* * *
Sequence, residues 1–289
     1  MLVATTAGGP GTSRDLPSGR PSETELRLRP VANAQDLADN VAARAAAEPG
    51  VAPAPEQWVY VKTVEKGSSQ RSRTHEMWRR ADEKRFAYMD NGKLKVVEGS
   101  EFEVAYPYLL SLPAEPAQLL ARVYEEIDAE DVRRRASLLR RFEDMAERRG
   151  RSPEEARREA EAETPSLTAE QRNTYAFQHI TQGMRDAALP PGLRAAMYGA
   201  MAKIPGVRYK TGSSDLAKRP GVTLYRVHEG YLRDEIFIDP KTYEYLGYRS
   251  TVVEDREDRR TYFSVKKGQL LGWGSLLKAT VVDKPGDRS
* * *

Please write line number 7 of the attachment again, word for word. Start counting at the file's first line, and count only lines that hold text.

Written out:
   251  TVVEDREDRR TYFSVKKGQL LGWGSLLKAT VVDKPGDRS